Regulatory bill draws criticism

Published 10:41 am Thursday, June 29, 2017

Portman touts regulatory analysis act, but group warns of danger

Sen. Rob Portman, R-Ohio, introduced legislation on Tuesday that would require “independent regulatory agencies to analyze the costs and benefits of new regulations and tailor new rules to minimize unnecessary burdens on the economy.”

Portman has touted the Independent Agency Regulatory Analysis Act as a way to remove “burdensome” regulations that hold back business growth and job creation.

“We need smart, predictable regulation in this country,” Portman told reporters, “but too many burdensome regulations from independent agencies are holding America’s employers back from creating much-needed jobs for hard working Ohioans.”

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Portman’s new bill would require independent agencies to analyze how any new regulations might impact jobs before moving forward.

But critics of the new bill, and Portman’s Regulatory Accountability Act introduced earlier this year, say that the rules could hogtie agencies that were created to safeguard public health and safety, guard against economic uncertainty, or ensure fair access to communication infrastructure, not to create jobs.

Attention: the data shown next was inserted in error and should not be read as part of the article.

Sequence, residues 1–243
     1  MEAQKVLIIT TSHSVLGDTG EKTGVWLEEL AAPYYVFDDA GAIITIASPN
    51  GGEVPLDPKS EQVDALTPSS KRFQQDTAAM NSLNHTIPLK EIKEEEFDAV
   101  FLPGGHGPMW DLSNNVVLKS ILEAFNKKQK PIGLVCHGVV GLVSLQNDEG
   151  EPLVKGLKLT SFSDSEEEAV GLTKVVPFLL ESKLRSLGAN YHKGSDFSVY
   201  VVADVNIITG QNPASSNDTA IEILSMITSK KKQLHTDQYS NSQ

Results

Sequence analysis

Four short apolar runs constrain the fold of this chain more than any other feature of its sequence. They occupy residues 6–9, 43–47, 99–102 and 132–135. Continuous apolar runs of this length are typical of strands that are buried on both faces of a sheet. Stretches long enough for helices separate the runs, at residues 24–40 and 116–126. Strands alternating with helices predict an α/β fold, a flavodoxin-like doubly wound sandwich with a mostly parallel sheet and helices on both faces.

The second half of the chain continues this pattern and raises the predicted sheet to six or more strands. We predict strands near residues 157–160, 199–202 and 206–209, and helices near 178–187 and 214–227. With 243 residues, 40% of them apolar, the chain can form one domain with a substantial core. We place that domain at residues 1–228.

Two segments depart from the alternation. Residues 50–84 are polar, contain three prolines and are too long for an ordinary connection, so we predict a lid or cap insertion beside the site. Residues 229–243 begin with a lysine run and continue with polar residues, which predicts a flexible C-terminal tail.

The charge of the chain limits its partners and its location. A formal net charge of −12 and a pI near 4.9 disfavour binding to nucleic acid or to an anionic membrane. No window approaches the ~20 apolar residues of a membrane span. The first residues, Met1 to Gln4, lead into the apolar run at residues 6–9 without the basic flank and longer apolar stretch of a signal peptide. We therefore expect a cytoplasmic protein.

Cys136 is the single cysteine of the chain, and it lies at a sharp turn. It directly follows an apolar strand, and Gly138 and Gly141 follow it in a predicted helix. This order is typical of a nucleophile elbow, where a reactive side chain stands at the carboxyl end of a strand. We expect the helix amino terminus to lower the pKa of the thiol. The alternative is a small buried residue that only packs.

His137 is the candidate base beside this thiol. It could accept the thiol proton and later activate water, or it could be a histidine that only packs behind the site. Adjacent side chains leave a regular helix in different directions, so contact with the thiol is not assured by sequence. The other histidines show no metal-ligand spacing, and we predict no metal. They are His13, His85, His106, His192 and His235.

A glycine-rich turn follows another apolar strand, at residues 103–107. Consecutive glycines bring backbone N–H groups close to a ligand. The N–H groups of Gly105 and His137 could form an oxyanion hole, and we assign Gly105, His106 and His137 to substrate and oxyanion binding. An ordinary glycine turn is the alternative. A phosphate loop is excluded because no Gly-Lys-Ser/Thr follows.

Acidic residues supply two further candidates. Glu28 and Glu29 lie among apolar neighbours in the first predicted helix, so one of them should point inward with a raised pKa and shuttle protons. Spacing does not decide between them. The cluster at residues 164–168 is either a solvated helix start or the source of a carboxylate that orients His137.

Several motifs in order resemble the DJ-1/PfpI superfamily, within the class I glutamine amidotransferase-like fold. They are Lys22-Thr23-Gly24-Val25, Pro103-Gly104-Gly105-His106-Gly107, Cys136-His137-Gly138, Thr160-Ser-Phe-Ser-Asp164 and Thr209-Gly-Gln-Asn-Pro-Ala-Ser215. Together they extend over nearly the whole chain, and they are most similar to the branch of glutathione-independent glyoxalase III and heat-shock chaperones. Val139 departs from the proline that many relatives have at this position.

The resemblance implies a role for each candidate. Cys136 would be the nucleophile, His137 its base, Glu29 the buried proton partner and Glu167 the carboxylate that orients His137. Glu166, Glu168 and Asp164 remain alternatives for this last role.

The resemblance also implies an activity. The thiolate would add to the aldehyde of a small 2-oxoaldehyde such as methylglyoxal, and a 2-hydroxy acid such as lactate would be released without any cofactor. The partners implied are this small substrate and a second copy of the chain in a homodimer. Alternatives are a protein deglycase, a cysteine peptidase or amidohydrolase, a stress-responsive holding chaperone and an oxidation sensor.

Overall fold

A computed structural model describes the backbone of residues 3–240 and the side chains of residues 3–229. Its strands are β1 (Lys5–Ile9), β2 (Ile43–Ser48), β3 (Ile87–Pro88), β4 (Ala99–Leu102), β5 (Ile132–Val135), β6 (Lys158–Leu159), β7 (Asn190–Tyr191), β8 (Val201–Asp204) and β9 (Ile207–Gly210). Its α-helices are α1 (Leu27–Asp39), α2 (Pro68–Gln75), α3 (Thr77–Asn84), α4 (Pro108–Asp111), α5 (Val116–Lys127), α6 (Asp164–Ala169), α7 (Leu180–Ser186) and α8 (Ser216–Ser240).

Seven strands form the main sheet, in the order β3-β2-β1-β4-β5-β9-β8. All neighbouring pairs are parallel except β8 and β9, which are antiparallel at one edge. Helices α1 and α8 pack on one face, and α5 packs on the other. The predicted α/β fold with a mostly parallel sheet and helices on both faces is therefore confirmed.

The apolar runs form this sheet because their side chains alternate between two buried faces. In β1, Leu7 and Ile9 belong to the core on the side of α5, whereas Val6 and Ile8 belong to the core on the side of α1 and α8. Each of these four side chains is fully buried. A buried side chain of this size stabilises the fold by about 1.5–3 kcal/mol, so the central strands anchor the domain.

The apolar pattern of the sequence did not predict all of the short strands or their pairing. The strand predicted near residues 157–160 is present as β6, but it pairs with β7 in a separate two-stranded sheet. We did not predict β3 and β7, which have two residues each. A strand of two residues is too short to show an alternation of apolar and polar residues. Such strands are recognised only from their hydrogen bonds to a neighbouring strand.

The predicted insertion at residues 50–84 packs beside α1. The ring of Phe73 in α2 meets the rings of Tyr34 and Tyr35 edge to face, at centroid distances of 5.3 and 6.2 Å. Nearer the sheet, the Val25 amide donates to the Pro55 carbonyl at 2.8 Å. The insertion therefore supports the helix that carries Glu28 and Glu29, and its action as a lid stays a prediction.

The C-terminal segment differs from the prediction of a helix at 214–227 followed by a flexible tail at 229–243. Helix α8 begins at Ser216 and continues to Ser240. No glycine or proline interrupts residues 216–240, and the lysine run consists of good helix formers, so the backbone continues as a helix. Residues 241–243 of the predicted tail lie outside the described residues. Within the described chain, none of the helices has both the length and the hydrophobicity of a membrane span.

The advocacy group Public Citizen released an ad in Cincinnati markets that highlighted incidents like a toddler sickened by salmonella contaminated food, and children killed because of inadequate car safety features, to criticize Portman’s regulatory bills. They also claimed that regulations designed to “ensure we have clean air, lead-free water… and other basic protections,” could be endangered by the bill.

“Portman should stand up for families and small businesses in Ohio by standing up to corporate special interests,” said Chuck Lynd, director of the Support Our Local Economy coalition and treasurer of the Ohio Sustainable Business Council, in a press release, “not by putting the health and safety of our children at risk by pushing legislation that allows corporations to cut corners.”

The original RAA seeks to reform the regulatory process by requiring the same cost-benefit analysis across agencies, “providing a more rigorous examination of facts underlying the most expensive rules,” according to a release from Portman’s office.

Independent agencies that could be impacted by the new legislation include the Securities and Exchange Commission, the Commodity Futures Trading Commission, the National Labor Relations Board, the Federal Communications Commission, and others.